Project Idea: Minority Groups at LMU

Our group decided that the idea we wanted to present on was minority groups at LMU. The groups we decided to discuss stood out particularly to us for different reasons, and we are planning to discuss each of our individual group’s in detail.

The first group we are planning on discussing is First-Generation College Students. As a first-generation college student myself, I hope to show the perspective of the first-generation student. At LMU we have a “FIrst-To-Go” program that could be beneficial in comparing statistics in terms of college acceptance rates, and difficulties in financial aid. I hope to also address the challenges faced by first-gen students, such as adjusting to college life, and having a support system, as well as the possible advantages that might come with being the first in a family to attend university, such as opportunities within the university. I hope to distinguish what separates the first-to-go students (if anything) from non first-generation students, and what makes them have a different, unique, or interesting story to tell. I am interested to look at the patterns (if there are any) with the involvements and social activities, as well as the academic standings of first to go students. Finally, I want to discuss and present why this group is a minority, and why they specifically chose to attend LMU.

Of all the ethnic minorities that make up the student population of Los Angeles’ Loyola Marymount University, Native Hawaiians/Pacific Islanders have statistically the least representation. Even with 39 states and 71 countries being represented, only 0.1% of students reign from/have ancestral ties to either the Polynesian, Melanesian, or Micronesian Pacific Island Regions (not including the debated addition of the Philippines). Even with the small population, LMU makes an effort to create a big community with over ten organizations, made up of both American and International Pacific Islanders. With this effort of providing groups, clubs and services, Pacific Islanders are most often grouped with Asians. This can be seen as negating their identity and marginalizing their culture. In a video/slide presentation, we can address what’s it’s actually like to be part of the least represented ethnic minority at LMU.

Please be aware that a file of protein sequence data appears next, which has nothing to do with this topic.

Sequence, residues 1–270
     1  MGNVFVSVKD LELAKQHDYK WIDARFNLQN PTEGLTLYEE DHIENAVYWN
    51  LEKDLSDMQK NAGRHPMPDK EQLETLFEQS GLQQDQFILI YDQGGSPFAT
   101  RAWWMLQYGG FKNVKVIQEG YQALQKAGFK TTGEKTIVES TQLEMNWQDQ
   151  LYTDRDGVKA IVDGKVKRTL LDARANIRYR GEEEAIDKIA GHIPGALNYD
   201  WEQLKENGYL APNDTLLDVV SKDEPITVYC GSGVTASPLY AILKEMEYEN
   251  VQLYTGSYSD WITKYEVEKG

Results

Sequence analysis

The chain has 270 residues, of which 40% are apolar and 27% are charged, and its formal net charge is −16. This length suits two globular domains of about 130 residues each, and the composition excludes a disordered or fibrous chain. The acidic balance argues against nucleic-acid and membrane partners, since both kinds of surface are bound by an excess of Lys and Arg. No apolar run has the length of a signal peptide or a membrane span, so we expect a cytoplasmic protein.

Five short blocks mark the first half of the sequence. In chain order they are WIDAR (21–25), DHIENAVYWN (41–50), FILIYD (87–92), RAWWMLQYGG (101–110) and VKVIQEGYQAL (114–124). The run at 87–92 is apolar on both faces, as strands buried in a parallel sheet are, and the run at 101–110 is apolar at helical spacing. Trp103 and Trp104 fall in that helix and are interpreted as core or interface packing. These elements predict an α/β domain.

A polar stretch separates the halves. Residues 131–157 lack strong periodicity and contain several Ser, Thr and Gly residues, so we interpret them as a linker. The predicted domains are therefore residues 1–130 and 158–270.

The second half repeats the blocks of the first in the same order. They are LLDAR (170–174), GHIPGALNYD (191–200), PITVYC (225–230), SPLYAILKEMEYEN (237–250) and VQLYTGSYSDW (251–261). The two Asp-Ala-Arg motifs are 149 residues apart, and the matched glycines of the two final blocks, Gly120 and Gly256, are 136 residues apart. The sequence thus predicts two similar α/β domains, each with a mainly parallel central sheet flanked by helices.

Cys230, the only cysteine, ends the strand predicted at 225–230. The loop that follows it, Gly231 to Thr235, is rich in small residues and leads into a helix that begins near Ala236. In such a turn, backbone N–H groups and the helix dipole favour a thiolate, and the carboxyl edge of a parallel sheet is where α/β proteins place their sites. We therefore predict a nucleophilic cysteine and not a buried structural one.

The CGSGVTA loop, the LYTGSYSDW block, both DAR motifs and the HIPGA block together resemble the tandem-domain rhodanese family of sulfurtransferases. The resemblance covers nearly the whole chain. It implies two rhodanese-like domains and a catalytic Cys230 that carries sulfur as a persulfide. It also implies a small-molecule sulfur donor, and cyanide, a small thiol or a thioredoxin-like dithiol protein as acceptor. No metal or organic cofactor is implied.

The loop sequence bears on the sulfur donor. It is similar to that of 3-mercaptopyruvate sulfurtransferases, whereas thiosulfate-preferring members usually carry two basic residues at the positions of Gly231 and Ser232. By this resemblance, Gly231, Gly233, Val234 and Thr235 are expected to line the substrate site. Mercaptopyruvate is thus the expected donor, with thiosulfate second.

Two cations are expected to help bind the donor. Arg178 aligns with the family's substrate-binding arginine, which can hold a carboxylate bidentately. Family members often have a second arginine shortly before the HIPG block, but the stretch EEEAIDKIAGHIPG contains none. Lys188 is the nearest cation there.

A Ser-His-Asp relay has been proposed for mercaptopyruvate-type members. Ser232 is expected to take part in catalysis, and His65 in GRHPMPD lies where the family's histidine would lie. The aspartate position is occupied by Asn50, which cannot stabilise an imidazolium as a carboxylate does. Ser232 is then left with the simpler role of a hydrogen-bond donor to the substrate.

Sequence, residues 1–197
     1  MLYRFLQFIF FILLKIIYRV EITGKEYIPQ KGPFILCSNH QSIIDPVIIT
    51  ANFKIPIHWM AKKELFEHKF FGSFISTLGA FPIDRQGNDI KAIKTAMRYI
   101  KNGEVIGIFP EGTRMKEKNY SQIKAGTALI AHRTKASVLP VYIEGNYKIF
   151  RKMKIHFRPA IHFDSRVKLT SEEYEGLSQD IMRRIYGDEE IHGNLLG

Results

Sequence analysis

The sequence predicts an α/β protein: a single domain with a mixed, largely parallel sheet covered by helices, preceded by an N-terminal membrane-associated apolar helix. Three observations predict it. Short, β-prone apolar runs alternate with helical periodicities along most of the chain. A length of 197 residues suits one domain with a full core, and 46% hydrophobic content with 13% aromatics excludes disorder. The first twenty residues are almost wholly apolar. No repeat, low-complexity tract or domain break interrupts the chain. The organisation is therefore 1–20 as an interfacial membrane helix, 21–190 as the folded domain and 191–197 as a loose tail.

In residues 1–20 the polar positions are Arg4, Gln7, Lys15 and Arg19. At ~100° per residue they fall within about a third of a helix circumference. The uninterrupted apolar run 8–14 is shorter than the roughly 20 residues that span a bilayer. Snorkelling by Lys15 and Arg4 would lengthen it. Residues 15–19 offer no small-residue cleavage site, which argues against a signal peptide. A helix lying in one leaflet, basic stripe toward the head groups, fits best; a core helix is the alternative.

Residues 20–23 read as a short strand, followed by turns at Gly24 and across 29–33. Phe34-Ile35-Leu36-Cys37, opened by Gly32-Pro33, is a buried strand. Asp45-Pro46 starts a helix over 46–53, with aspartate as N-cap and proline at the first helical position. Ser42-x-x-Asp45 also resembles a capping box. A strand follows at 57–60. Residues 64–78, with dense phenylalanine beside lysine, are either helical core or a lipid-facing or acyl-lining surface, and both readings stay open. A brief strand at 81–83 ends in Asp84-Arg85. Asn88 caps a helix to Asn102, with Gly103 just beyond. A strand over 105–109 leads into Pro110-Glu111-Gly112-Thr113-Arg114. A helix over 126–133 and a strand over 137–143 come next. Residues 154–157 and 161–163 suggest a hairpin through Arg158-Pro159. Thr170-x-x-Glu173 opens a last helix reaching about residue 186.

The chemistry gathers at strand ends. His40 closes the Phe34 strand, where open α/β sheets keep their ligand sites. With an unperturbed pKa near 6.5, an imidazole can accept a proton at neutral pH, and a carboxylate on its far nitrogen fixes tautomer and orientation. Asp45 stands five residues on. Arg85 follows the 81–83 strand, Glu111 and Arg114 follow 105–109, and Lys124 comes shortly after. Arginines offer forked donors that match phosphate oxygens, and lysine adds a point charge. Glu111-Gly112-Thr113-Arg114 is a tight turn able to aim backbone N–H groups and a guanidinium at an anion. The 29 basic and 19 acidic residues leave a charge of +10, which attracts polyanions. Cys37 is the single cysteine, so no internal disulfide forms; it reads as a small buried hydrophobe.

The African-American community at LMU is an interesting group of students, faculty, and staff that are presented with challenges and equal opportunities to shape their experience on campus. While African-American students makes up 6% of the total student body at LMU, the community between them seems much larger. It is only in times when students reflect on the demographics of their classroom or when running for large positions outside of the small community do they feel like the minority. It is these experiences in fact that are the challenges for these students. While not all curriculum dives into the experience of being black or social justice and race-related issues, African-American students often feel that they must be the voice of the whole population when these subjects arise and insensitivity and ignorance to racial relations might effect how a students feels about their position in the larger world. It doesn’t however effect the way they feel they relate to those immediately around them, not does it effect their overall academic success as an undergraduate student. It also becomes an issue when students want to hold large e-board or student’s government positions outside of the African-American community. Also students who join non African-American sororities and fraternities are often met with racism, prejudice, and/or racial insensitivity. African-American students, just like other minorities on campus have formed their own clubs and organizations and under the Office of Black Student Services and other offices on campus dedicated to minorities, have been able to progress both academically and socially at LMU. The social life, which fluctuates often, consists of students from all backgrounds, locations and ages who either are significantly involved or far removed from the social web on campus. Organizations such as Black Student Union, Sisters in Solidarity, Brothers of Consciousness, National Society for Black Engineers and the Umoja Alliance bring students together both to discuss circumstances affecting the community and to have a good time. The absence of houses or locations where African-American students can fellowship does however effect the overall way students communicate and interact with each other. The reality of going to college as an African-American in the United States sets the overall foundation of what one hopes to gain as a student going to a Predominantly White Institution. Most students come into school aware that they are a minority and have a positive outlook and attitude about what they can gain and give during their time in college. Many African-American students prior to college are in financial hardships and going to college is a difficult feat from many, who are challenged by social, mental and environmental factors alike. LMU however, presents a strong image of how not only are minorities on this campus equally respected and valued but that there are programs and initiatives in place to ensure their success on the bluff.

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